Sunday, May 13, 2007
Sarah Watching TV
Why do people buy expensive cameras? Look at this picture.
This is the kind of picture that can't be taken with a simple point-and-shoot camera. The picture is lit only by a television and a couple of incandescent lights in the room, providing interesting colors and highlights. Cheap cameras can't take non-flash pictures with so little available light. If you were to use a flash here, her face would just be washed out and featureless.
This picture was taken with a "fast" lens, meaning a lens that lets in a lot of light. It's called "fast" because it means you can use a faster shutter speed, leading to a sharper picture for whatever level of light you have. But sometimes you don't want a fast lens; you may want a wide-angle lens, or a telephoto lens, or something else that is optimal for the shot. A camera with interchangeable lenses gives one the flexibility to choose the right lens for a particular shot, rather than being stuck with a single one-size-fits-all lens.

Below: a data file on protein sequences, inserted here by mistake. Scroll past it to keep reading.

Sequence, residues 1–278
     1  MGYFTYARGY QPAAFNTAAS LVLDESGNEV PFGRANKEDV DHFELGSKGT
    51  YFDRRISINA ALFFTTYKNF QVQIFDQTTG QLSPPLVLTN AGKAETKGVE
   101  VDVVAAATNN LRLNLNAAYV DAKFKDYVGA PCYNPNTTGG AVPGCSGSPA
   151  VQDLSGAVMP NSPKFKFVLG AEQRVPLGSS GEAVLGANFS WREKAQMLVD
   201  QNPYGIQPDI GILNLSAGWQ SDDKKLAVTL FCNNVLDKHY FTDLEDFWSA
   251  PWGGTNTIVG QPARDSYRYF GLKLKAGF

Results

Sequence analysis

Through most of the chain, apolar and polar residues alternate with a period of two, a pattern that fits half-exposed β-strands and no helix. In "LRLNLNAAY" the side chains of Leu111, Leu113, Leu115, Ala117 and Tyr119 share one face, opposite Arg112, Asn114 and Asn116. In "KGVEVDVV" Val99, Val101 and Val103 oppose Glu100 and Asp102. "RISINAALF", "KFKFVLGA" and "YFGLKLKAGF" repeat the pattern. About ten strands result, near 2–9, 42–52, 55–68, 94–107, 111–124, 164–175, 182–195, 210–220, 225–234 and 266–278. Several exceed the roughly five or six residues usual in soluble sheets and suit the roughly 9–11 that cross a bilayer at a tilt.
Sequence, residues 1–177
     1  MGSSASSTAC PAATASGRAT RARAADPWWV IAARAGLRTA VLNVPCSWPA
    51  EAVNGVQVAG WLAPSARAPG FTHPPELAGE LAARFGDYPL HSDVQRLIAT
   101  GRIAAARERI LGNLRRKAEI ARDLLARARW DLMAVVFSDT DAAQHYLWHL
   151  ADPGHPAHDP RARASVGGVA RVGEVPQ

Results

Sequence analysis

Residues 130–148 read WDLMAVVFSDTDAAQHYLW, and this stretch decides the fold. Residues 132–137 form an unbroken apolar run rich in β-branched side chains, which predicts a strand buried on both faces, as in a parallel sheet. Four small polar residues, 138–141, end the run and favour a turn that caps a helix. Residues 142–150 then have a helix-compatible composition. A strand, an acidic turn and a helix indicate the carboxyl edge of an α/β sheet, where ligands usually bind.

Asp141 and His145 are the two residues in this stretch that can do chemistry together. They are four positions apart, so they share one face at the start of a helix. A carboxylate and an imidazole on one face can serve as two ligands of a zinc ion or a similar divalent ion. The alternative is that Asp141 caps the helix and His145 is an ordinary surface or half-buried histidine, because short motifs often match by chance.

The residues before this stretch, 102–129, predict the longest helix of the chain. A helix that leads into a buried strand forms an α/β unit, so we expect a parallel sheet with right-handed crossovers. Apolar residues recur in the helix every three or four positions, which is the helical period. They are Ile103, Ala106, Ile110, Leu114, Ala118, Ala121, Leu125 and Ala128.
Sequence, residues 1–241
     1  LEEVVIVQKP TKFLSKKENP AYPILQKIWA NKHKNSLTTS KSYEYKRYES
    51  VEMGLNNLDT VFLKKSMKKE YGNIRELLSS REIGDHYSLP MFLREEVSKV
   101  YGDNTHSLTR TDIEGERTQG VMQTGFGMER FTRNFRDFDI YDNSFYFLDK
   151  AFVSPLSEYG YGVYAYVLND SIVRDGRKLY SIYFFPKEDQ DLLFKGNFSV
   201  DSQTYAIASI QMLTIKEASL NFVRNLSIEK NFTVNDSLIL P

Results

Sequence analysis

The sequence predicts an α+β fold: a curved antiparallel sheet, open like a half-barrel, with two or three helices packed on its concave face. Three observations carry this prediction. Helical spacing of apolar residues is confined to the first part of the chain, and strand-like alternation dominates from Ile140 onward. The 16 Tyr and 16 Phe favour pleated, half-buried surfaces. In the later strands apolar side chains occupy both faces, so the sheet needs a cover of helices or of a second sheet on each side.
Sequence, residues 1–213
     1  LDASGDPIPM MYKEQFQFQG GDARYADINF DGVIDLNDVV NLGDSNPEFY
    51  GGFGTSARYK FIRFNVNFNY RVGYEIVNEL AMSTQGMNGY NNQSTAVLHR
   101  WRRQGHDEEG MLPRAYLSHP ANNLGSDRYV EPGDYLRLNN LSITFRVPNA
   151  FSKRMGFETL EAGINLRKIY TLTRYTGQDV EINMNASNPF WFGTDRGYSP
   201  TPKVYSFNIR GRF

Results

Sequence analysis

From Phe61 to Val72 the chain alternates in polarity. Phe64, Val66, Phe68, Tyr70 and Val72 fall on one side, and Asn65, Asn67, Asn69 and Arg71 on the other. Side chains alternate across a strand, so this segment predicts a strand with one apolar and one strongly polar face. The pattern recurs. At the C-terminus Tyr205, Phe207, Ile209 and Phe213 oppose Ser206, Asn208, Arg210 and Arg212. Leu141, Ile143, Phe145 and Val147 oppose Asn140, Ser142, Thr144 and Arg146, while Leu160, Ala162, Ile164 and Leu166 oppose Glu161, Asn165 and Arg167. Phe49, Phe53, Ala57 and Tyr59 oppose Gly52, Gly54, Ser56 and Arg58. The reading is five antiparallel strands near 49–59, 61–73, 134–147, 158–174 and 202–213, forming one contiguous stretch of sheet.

Even with this fast lens, I had to use a shutter speed of 1/3 second, which is pretty long. It helped that my niece was mesmerized by High School Musical, and was therefore motionless.
Note how her face and head are in focus, but the background is blurred, causing her face to pop out against it. This is known as "shallow depth of field," and is another trick that an inexpensive camera can't perform. A shallow depth of field requires a longer lens than the pocket-size cameras have. If this photo was taken with a small camera, the subject wouldn't "pop." Some small-camera afficionados fake this effect by using Photoshop to blur out the backgrounds, but as with most things, natural is better than fake.
Of course, an expensive camera can't make you a good photographer. If you're lucky, you'll have nieces pretty enough to make up for your lack of skill.